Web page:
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A Little Bit of Everything

Angelo Tabije

June 3 - 24, 2023


Painterly Smorgasbord

Once in a while, after a succession of visual styles, an effective artist craves for experimentation as a form of
welcome respite. In his second solo exhibition at the Art Cube, A Little Bit of Everything, Angelo Tabije
spontaneously attempts to put together past raw signature fixtures, uncanny lines patterns and painting
elements that had made him a much-sought-after artist of figurative bespoke expressions
For Tabije, art is the lie that tells the eminent truth. Paradoxically, it is not that art does imitates life rather
life imitates art. We learn how to dream, how to exist, how to think about ourselves through these paintings.
Tabije has brought back the storytelling in his inherent visuality.

In A Little Bit of Everything the first thing one discovers is how Tabije does his masterpieces in pairs.
Proving depicted subjects are worth another look he repeats it again even reversing the front and back on
canvas are shown. In A Little Bit About Everything Tabije does his framed parables in doting twos. Done
in intense realism, Casual Threat reminisces as Korean look-alikes in oversize jackets. Posing as hip-hop rap
stalwarts, it is a pin intended at consumerism evident by the canned soft drinks floating, Tabije critiques how we have become enslaved by corporate giants that offer cheap indulgences at the expense of our health.

Tabije is never afraid to be self-critical. Flex shows muscle-bound and burly men lambast vanity in male-
obsessed with chiseling their bodies in swirly perfection. Aside from the swipe on the manly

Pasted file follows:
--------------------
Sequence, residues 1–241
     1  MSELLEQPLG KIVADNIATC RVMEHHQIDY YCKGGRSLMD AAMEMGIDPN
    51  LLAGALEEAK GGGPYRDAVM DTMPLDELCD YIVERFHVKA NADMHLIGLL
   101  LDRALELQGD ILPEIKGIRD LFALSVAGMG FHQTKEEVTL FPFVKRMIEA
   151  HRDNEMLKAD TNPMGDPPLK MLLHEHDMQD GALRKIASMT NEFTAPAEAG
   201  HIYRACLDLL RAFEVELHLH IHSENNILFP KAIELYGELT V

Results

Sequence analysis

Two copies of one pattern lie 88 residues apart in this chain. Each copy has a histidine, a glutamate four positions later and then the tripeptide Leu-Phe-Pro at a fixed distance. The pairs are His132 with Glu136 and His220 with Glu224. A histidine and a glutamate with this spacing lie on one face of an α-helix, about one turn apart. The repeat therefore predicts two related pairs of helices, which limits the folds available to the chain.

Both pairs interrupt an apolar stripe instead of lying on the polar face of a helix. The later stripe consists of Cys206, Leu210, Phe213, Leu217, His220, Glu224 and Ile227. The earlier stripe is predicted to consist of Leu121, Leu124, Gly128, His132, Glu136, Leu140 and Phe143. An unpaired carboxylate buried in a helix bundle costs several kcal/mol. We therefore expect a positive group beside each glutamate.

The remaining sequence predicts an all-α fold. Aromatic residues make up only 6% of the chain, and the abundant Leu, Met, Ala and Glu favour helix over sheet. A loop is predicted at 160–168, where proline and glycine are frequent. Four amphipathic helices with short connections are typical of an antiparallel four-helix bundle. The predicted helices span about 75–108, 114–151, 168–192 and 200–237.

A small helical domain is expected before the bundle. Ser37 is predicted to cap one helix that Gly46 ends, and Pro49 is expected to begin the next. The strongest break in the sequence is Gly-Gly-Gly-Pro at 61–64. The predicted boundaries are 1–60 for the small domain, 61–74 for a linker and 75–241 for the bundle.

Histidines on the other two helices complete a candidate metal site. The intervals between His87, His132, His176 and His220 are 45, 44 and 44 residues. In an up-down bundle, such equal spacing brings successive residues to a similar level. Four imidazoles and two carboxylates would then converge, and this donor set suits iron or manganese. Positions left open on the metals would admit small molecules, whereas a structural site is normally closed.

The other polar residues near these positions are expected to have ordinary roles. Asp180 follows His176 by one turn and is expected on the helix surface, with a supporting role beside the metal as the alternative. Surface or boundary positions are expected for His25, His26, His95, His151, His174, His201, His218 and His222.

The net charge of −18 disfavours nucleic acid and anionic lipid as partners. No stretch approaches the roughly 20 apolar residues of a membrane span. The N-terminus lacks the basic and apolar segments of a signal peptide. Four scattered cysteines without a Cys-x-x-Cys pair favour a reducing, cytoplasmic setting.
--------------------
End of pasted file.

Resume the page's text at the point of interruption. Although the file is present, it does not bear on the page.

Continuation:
selfishness, it was also Tabije’s way to show off his skill in rendering often difficult illustrated anatomy.

Blue Green is another visual language that is making a comeback offering anime portraits attached with
fixation with man and machine relationship which is the quintessential Tabije. In complimentary palette
with an obvious Jose Tence Ruiz and John Santos influences, one can almost hear the clunking screws as
it is a cold comment on how technology numbed our sensitivities. Progress does not always come in having
the latest gadgets with the fastest and the brightest machinations to boot. One could almost turn on the
switch for it to maneuver.

Nothing escapes Tabije whether they be light banter or arresting issues. In Royalty, he attempts to stab at
the elite lineage in fearless stance, as it eschews religion for its selfish gains. Presented in seamless
strokes, Mama Mary is in sync with a well-decorated prince in monotone bravura. It even has a vintage
London cab as a headpiece reminds you of a Ghengkis Khan stance while hidden in his bosom are material
laces and power straps as his eminent weakness.

White Pale is a dialogue between identity and innocence. Imbibing persona that one has to put up or
shield for, Tabije unravels psychological hysteria that sometimes the naïve of faces could cause the gravest
damage—not to think unforgettable heartbreaks. Equilibrium suggests the difficulty in emotions as one
deals with life. In women, Tabije finds rather the bipolar argument shifting in women as they try to
survive in dignity and love in oblivion. Notice the circles as background as it represent the cycle of life,
another Tabije essential.

Watcher shows a many layered cowboy riding the horizon. Expect Tabije to exaggerate to prove a thesis on false iconography to the point of over decorate the male machismo. A Little Bit of Everything offers a plethora of visual languages that co-exist--pop with surrealism, realist tensions with biochemical indulged in fantasy happen all at once in these Tabije compositions. Notable of each is these concoctions are Tabije’s alone. Tabije’s prowess is he found new aesthetics in his old creative pursuits. He dwells deeper in each subdued feature as he unlearns as he re-familiarizes given the different context for them. Looks like Tabije enjoyed the unlimited freedom as it attested his capability to imagine to no end. It was obvious he enjoyed the process.

Jay Bautista

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